Renovation is key to meet climate targets – BPIE report

(eceee news, 3 Dec 2019) A new report by BPIE – Building renovation in the Clean Energy Package: implications at local, national and EU levels – analyses some of the most important changes that will influence building renovation policy in the coming decades. Renovation is key to meet climate targets, the report concludes.

The buildings sector is responsible for about 36% of greenhouse gas emissions and 40% of energy consumption in Europe, and 97% of the existing building stock is inefficient, BPIE writes. The Clean energy package addresses some of the existing regulatory gaps in building legislation and tries to create a supporting framework for decarbonising the building sector.

The report analyses some of the most important changes brought by legislation

of the Clean energy package: the EPBD (Energy Performance of Building Directive), the EED (Energy Efficiency Directive), the RED (Renewable Energy Directive) and the GOV (Governance Regulation). It also identifies the specific role for local, national and European actors in order to implement the legislation and develop ambitious renovation policies in line with the EU 2030 and 2050 targets.

The report is part of the EU project Build Upon, which aims to empower cities across Europe to join forces with national governments and industry to decarbonise their existing building stock by 2050.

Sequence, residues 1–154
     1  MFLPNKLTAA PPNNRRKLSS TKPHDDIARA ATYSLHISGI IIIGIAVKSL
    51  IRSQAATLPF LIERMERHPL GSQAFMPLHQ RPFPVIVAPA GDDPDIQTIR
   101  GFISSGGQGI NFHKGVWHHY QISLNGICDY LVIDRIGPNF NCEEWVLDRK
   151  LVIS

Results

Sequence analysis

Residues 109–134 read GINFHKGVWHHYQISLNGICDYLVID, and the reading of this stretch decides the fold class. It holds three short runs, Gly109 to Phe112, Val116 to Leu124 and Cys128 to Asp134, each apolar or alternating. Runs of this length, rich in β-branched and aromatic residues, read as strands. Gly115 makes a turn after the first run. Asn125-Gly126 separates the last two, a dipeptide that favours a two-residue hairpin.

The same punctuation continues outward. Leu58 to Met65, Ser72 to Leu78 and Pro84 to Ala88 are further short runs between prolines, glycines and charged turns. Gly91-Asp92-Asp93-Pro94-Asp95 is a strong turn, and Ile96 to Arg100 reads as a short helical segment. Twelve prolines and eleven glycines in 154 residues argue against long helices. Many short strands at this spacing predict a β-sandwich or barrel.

BUILD UPON was initially started in 2015 and created a community of stakeholders of over 2,000 diverse organisations. Its first phase resulted in key recommendations that national renovation strategies should focus on to facilitate action at a local city level.

BUILD UPON2 aims to engage with European cities to design and facilitate local action to implement national building renovation strategies required by the EU Energy Performance of Buildings Directive (EPBD). Activities will be implemented across eight European countries with Green Building Council España as lead facilitator-

The following eight pilot cities will actively be involved in the project:

  • Velika Gorica, Croatia
  • Budaörs, Hungary
  • Dublin, Ireland
  • Padova, Italy
  • Wroclaw, Poland
  • Madrid, Spain
  • Eskişehir, Turkey
  • Leeds, UK

The overall aim of the project is to have at least 10 cities publicly commit to establish strategies to decarbonise their building stock by 2050.